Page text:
Due to high nurse-to-patient ratios, healthcare professionals face multiple challenges like burnouts, compromised patients’ safety, high patient mortality rates, and lengthy operational hours to complement the demand. In many healthcare organizations in the US, the average nurse-to-patients ratio is 1 to 100 or 11 to 1000 patients (Drennan & Ross, 2019). These proportions require short- and long-term measures to avert the effects of workforce shortages on the healthcare industry.

Policy Recommendations to Address Nursing Workforce Shortages

Considering the complexities and developments surrounding nurses’ shortages, it is valid to approach diverse perspectives. Notably, the process of harmonizing demand and supply for professional nurses requires multi-actor approaches to realize collective efforts and positive long-term outcomes. According to the 2020 article by the Norwich University, strategies to combat nursing shortage should start at the institutional levels and proceed to the global contexts.

For instance, the greater portions of nurses’ turnovers emanate from organizational aspects like poor recruitment and retention mechanisms, workplace stress, economic and financial determinants, and workplace cultures. From a national perspective, the nursing shortage may emanate from poor economic, educational, and financial policies that affect periodic hiring, education qualifications, and nursing graduates’ recruitment rates. Consequently, policy recommendations will concentrate on establishing level-specific expectations and responses to the nursing shortage.

Organizational Policies: Many healthcare institutions in the country embrace need-based recruitment measures to accommodate new nurses and replace the outgoing ones. However, effective recruitment and retention policies are singlehandedly not enough to address the shortages. Institutions require holistic approaches to address individual determinants that facilitate professional turnovers and compromise the willingness to work. For example, multi-facet issues like discriminative workplace cultures, unequal provision of employees’ benefits, lack of promotions and recognition, entity’s reputation, and economic obligations influence how nurses are satisfied to execute their responsibilities. Therefore, organizational management and top leadership helms should create programs that empower nurses, develop their careers, and address satisfaction issues. These strategies include frequent training, job facilitation, reliable remuneration benefits, psychological counseling, and the adoption of appropriate leadership styles.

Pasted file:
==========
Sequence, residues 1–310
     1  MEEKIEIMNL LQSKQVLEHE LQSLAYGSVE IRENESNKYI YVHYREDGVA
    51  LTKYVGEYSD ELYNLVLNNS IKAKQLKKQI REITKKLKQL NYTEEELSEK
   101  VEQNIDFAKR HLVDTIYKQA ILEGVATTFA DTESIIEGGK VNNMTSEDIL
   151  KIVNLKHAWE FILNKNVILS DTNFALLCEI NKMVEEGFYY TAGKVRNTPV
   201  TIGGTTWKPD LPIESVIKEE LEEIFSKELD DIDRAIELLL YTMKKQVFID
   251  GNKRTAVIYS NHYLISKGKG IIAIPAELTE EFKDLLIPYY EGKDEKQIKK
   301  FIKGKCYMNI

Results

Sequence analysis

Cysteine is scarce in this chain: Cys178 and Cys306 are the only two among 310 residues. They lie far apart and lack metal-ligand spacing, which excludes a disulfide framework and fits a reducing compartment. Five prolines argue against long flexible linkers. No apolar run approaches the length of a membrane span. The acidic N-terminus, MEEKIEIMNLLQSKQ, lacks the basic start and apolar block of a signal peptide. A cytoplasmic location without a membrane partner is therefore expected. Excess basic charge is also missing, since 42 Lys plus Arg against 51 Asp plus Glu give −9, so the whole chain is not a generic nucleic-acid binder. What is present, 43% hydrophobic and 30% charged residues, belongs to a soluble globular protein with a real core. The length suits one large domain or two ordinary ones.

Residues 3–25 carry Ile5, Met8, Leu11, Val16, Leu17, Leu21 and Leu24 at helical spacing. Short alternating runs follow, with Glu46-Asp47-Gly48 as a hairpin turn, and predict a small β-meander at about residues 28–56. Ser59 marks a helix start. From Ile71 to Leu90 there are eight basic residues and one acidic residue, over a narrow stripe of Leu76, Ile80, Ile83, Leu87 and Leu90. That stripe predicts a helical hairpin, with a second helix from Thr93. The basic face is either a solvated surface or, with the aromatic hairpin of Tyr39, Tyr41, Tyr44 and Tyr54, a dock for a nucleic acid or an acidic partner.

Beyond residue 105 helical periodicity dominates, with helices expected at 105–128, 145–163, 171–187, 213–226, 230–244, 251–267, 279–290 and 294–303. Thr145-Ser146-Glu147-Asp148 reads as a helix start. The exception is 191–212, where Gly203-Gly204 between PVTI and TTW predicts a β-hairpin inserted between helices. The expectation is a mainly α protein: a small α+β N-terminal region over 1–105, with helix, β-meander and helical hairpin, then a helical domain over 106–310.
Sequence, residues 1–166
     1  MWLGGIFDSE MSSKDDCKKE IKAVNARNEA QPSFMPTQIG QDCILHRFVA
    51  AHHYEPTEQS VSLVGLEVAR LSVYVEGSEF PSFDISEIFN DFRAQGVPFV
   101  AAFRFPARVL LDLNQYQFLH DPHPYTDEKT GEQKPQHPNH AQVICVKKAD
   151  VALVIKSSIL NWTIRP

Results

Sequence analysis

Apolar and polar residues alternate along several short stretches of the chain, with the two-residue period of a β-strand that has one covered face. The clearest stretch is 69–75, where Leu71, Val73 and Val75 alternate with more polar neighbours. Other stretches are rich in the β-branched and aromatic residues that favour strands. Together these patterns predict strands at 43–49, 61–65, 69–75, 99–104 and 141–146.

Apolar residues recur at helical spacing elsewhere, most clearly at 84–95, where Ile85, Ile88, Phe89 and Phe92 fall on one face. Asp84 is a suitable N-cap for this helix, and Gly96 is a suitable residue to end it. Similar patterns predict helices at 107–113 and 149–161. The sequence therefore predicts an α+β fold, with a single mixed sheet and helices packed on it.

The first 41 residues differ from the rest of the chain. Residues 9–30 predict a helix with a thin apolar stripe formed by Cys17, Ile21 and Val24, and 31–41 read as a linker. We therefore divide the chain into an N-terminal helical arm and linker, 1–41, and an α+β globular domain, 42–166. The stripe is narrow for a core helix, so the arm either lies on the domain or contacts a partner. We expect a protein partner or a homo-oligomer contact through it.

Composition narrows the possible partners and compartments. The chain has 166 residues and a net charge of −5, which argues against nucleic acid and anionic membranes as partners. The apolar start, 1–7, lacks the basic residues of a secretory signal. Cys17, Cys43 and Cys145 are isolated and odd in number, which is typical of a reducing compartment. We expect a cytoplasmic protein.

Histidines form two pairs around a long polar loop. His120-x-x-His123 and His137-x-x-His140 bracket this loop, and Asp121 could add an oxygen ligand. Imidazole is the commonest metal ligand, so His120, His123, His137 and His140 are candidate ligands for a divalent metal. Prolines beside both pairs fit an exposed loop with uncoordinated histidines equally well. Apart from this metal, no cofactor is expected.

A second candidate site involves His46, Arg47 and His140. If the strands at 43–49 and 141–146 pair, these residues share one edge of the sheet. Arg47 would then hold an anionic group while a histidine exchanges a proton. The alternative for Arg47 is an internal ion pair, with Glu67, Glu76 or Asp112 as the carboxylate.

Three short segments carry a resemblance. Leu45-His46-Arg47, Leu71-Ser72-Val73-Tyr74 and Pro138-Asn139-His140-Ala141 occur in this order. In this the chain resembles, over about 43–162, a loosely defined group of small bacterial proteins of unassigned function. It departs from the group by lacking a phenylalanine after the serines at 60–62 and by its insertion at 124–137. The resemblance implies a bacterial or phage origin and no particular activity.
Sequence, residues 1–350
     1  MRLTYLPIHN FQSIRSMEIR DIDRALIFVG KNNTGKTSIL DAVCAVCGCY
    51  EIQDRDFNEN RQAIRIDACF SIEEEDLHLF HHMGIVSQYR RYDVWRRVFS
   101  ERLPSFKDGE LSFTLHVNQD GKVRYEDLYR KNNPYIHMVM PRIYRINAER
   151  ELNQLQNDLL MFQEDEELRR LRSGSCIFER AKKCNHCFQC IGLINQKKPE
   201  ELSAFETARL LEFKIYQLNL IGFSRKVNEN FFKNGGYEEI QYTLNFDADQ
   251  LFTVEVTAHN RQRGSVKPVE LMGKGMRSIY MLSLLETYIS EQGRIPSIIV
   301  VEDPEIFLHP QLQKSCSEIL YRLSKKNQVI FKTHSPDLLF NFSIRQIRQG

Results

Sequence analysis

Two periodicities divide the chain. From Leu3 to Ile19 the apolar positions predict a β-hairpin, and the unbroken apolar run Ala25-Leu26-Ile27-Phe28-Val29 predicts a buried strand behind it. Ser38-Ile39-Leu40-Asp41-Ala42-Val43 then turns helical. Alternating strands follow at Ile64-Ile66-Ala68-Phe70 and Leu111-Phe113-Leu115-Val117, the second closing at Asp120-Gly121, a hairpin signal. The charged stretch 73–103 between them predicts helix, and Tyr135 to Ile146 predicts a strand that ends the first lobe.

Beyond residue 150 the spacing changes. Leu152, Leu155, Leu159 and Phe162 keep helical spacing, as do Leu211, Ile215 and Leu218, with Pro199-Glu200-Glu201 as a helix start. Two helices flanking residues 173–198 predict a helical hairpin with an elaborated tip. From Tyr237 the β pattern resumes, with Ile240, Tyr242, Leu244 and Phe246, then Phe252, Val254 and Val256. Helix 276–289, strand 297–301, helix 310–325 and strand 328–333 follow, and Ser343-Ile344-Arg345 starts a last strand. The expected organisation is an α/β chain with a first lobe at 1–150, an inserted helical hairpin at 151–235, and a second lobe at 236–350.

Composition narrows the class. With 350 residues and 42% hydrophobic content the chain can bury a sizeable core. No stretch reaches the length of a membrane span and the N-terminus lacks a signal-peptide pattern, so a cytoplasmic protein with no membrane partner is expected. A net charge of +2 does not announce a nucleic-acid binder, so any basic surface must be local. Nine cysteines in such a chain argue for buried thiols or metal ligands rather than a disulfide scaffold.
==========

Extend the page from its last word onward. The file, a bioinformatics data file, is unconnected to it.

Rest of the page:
National policies: Countries should be on the front line to effectively coordinate relevant sectors to recruit and handle the registered nurses. For example, nurses’ national recruitment rates depend on the existing educational policies, economic performance, and healthcare sector policies. Therefore, governments should ensure effective transitions for nurses from graduates to institutional employees. Also, it is essential to foster economic performance to provide nurses with opportunities for economic and financial satisfaction.

A performing economy can facilitate the introduction of national remuneration programs for healthcare professionals. More importantly, nations should invest in healthcare technologies like Electronic Health Records (EHRs) to eliminate over-reliance on paperwork and ease workplace frustrations. Correspondingly, national governments should partner with organizations to ensure equal employment opportunities for graduate nurses and midwives by enforcing anti-discrimination regulations. Also, it is fundamental to embrace partnerships that spearhead training programs and initiatives to eliminate workplace issues that lead to nursing turnovers.


The nursing workforce shortage is a global challenge that compromises quality healthcare services. Understanding labor shortages requires multiple approaches like analyzing demand against supply and evaluating nurses’ ratios to patients in institutional contexts. Regardless of the utilized approach, it is possible to argue that nursing labor shortages after healthcare services facilitate process errors, disease morbidity, and mortality rate and contributing to poor working conditions. Efforts to address this issue rely on the existing synergies between organizations and governments. Institutions should address issues that lead to high turnovers, while national governments should encourage initiatives that provide professional advancements, process efficiency, and economic development.